Leahy-Authored Legislation To Preserve Historic Film & Sound Recordings To Be Signed Into Law

WASHINGTON (THURSDAY, July 14, 2016) – Legislation authored by Senator Patrick Leahy (D-Vt.) to preserve the nation’s most treasured films and sound recordings passed both the Senate and House this week and is on its way to the White House for signature.

The bipartisan Library of Congress Sound Recording and Film Preservation Programs Reauthorization Act, which Leahy introduced with Senator Chuck Grassley (R-Iowa) in May, reauthorizes the National Film Preservation Program and the National Sound Recording Preservation Program.  These programs, operated within the Library of Congress, help preserve historical and cultural artifacts that would otherwise disappear or be destroyed through the passage of time.  The bill also reauthorizes the federally chartered National Film and National Recording Preservation Foundations.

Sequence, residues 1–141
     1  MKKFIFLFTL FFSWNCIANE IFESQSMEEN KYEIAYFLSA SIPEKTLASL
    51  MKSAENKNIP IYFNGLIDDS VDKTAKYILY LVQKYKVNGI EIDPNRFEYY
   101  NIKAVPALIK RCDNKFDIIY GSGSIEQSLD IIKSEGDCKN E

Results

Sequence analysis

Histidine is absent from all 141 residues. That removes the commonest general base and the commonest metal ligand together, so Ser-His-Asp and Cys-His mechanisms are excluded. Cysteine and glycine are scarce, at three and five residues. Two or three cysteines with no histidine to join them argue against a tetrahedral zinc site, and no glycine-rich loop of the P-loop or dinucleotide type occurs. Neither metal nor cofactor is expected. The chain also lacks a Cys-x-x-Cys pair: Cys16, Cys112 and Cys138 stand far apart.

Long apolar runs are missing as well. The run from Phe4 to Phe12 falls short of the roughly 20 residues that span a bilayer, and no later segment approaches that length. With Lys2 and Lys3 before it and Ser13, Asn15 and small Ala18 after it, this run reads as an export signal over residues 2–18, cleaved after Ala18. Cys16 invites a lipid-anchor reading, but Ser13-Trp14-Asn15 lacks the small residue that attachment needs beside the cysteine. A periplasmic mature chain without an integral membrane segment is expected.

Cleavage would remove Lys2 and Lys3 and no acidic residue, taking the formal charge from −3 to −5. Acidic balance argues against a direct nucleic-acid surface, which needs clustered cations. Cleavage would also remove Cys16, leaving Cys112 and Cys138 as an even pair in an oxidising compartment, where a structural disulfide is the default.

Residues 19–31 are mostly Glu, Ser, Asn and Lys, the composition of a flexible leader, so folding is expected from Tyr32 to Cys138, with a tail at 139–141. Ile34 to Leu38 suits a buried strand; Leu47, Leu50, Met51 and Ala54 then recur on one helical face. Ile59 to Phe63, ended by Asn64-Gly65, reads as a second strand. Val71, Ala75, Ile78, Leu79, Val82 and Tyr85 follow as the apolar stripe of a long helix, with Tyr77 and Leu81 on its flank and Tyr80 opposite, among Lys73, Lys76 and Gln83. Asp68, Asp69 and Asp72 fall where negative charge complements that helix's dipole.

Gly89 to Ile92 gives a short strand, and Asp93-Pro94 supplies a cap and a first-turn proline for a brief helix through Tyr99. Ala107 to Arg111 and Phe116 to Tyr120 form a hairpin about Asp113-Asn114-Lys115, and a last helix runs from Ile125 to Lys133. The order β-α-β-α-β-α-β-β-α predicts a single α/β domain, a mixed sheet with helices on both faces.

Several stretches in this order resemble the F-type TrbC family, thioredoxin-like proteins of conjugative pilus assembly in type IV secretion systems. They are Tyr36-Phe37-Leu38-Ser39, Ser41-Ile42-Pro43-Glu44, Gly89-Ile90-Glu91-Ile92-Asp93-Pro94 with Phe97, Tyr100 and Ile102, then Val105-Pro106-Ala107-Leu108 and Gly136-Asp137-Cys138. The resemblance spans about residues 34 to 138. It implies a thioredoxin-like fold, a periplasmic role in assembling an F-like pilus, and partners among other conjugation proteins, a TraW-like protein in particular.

“Films and recordings play a vital role in shaping and recording the American experience, and with the actions taken by Congress this week, we can be sure they are preserved for future generations,” Leahy said. 

The University of Vermont has received grant funding through the National Film Preservation Foundation to preserve agricultural experiment films from the 1940s.  Well over 2000 films have been preserved through the Foundation’s grants, including the earliest feature film shot in Vermont, “A Vermont Romance,” from 1916.  Many of the preserved films can now be viewed online.  Hildene, the Lincoln Family Home in Manchester, also received grant funding to preserve home movies made by Robert Todd Lincoln’s descendants. 

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